IMPERFECTIONS for Robin Williams
That monologue is about vulnerability. I didn’t know that when I first watched Good Will Hunting fifteen years ago. I thought Dr. Maguire was talking about immaturity: “Knowing it all,” you know? He was, in a way, talking about life experience — after all, he teaches Will as much as he shrinks him. But with each subsequent viewing of that film, Williams’ monologues become more profound, more delicate, more precise. It’s no wonder people thought Matt Damon and Ben Affleck were lying about writing that film: it’s outstandingly poised for rookie screenwriters. But back to vulnerability. Dr. Maguire is talking about the vulnerability of love. I understood vulnerability, as a teenager, mind you, as crying in front of somebody else. You take that knowledge, mix it with fervent ideals, and you get a tonic of vulnerability that is lofty and spectacular. What Dr. Maguire is talking about, on the other hand, is something far more fragile. He is talking about falling in love with the entirety of someone else, but, more than that, he is talking about loving somebody because of their imperfections not in spite of them. And that is a fragile notion of vulnerability.
Will Hunting is 20 years old. I was 13 when I first saw the film. Teenagers, really. The thing we don’t understand as teenagers is how fragile life is. Now, there are some teenagers who deal with accidents and tragedy, and a shopping list of obstacles and challenges before they even reach high school, and I don’t pretend to know the worldview of those kids because I wasn’t one of them; but I do know that, in a general way, teenagers have a lean knowledge of fragility, and by extension vulnerability. There seems to me to be a conflation of vulnerable with weak. And so teenagers are shy with their own vulnerability and a hawk with other’s. Yet, we know, as we read more and live more and have our heart broken and do our share of heart breaking, that there is great power in being vulnerable. It is usually at our most vulnerable do we come to learn the outer mark of our own wherewithal. It is usually at those checkpoints do we learn the depths of other people’s compassion, too. Certainly, it is at our most vulnerable do we learn how much strength we really have.
Depression is a gyre of vulnerability that swirls towards unprecedented depths and takes you perilously close to your limits. I know, I’ve been there. It’s painless though and so it doesn’t feel altogether fragile. Still, you are casting for life lines the entire time you sink. You do learn the limits of other people’s compassion, insofar as you understand their patience. And then, it’s at that point, when you’re beyond self-medicating, and your beyond the limits of those who love you, and you are still stuck in the quicksand of numbness that is a major depressive episode, do you come breathtakingly close to being lost forever. Some come back. Some don’t. I can only imagine what Williams’ family is going through — I mean, the people who actually tried to help him everyday until they couldn’t.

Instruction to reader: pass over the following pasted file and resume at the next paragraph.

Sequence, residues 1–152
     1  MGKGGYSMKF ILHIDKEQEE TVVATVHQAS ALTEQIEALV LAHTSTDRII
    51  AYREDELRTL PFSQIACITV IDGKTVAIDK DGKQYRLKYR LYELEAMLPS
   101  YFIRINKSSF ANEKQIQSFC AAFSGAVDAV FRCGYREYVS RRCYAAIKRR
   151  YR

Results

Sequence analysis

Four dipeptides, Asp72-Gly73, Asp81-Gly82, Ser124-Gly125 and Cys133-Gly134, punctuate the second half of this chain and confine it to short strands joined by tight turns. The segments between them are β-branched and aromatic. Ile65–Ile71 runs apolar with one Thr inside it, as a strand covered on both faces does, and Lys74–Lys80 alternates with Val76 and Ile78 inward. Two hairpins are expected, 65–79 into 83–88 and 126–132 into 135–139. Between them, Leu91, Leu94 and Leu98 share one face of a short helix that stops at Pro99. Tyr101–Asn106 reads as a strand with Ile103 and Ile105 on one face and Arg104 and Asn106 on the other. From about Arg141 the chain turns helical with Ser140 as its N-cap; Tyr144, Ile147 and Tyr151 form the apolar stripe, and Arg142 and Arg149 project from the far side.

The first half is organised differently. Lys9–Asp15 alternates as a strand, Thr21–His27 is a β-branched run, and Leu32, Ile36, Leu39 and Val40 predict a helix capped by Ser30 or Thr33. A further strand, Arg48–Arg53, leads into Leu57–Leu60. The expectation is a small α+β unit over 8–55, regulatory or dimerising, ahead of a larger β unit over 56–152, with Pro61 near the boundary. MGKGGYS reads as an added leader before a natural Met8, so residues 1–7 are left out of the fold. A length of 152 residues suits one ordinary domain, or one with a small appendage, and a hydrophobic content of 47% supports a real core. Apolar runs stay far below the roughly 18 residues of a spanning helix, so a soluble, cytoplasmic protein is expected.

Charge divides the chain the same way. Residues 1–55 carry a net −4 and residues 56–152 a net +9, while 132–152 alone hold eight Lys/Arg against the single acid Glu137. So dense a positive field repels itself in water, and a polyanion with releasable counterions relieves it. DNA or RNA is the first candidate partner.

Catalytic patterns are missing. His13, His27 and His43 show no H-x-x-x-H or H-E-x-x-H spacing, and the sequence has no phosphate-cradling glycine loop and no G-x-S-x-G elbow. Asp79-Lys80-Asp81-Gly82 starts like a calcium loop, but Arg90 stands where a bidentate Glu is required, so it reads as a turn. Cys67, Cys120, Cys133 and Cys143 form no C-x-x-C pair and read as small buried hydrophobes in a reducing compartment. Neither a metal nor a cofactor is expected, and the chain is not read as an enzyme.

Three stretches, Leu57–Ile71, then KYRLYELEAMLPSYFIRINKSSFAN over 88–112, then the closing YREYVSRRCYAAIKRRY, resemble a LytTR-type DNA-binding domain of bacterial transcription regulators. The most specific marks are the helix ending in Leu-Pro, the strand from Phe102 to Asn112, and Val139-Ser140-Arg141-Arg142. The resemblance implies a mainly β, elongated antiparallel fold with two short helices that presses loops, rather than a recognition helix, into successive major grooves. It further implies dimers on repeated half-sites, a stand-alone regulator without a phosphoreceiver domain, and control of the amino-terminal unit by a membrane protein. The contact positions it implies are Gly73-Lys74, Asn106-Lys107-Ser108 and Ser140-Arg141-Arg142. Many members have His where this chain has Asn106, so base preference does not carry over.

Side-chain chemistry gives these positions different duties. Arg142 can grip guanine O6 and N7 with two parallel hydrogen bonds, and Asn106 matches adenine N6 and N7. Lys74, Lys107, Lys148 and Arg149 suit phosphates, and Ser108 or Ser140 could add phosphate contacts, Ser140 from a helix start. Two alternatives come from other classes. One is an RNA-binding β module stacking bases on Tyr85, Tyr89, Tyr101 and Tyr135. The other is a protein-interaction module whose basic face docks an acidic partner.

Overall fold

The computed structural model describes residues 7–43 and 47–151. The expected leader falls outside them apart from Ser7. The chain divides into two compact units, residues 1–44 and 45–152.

Of course, I learned this about vulnerability by living. But it was Dr. Maguire’s monologue that first introduced me to the nuances of intimacy. I stole as much as I could from that movie, actually. Ask anyone close to me if I’ve ever used the word “peccadilloes” at an odd moment. They’ll tell you I have. I took it from this scene, in fact. Later, Dr. Maguire will be talking about missing Game 6 of the 1975 World Series to have a drink with his future wife. Will is almost angry that he gave away the ticket. And then Dr. Maguire says: “I don’t regret the 18 years I was married to Nancy, the 6 years I gave up when she got sick, and the last years when she got really six. And I sure as hell don’t regret missing a damn game.” That monologue was about sacrifice. Intimacy, vulnerability, fragility, sacrifice, the lessons he teaches throughout the film are the ones that have stayed with me my whole life.
Robin Williams didn’t write that film. I am not even entirely sure how much he contributed to the part other than the greying beard and the idiosyncrasies. He was the conduit, my medium for life lessons I could hardly understand or negotiate. Yet, because of this film, when I think of vulnerability I think of Robin Williams in a wool cardigan sitting in a college basement office dishing about love. That’s what those lessons look like to me. And that’s how I will remember him.